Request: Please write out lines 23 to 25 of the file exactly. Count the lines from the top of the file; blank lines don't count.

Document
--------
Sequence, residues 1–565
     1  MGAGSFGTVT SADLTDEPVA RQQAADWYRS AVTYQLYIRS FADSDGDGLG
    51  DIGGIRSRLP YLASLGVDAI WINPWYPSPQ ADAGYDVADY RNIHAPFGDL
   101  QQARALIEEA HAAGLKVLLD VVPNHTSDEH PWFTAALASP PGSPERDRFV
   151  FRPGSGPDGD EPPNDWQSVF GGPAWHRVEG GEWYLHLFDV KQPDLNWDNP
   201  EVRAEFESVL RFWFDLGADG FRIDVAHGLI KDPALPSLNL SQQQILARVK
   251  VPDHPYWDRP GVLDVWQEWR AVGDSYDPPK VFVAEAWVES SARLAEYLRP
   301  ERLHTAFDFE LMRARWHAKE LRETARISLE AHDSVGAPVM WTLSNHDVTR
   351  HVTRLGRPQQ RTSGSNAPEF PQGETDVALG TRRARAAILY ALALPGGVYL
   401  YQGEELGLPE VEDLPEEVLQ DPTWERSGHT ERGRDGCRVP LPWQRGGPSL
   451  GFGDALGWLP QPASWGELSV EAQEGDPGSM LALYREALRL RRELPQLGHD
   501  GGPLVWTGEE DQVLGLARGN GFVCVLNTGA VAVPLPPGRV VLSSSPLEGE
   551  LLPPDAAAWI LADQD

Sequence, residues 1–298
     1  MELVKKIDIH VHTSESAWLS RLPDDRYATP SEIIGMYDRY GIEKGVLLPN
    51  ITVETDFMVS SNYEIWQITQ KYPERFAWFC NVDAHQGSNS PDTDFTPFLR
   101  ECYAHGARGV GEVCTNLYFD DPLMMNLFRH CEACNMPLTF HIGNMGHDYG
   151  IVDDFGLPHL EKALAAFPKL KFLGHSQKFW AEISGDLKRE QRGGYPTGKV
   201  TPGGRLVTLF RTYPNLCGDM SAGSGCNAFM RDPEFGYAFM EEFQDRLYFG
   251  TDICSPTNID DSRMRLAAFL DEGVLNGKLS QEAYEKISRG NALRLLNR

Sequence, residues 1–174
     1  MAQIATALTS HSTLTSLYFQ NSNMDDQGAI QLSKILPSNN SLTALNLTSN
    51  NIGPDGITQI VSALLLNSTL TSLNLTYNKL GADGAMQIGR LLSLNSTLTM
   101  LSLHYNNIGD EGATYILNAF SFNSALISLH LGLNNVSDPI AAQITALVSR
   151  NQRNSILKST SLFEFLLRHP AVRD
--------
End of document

    51  NIGPDGITQI VSALLLNSTL TSLNLTYNKL GADGAMQIGR LLSLNSTLTM
   101  LSLHYNNIGD EGATYILNAF SFNSALISLH LGLNNVSDPI AAQITALVSR
   151  NQRNSILKST SLFEFLLRHP AVRD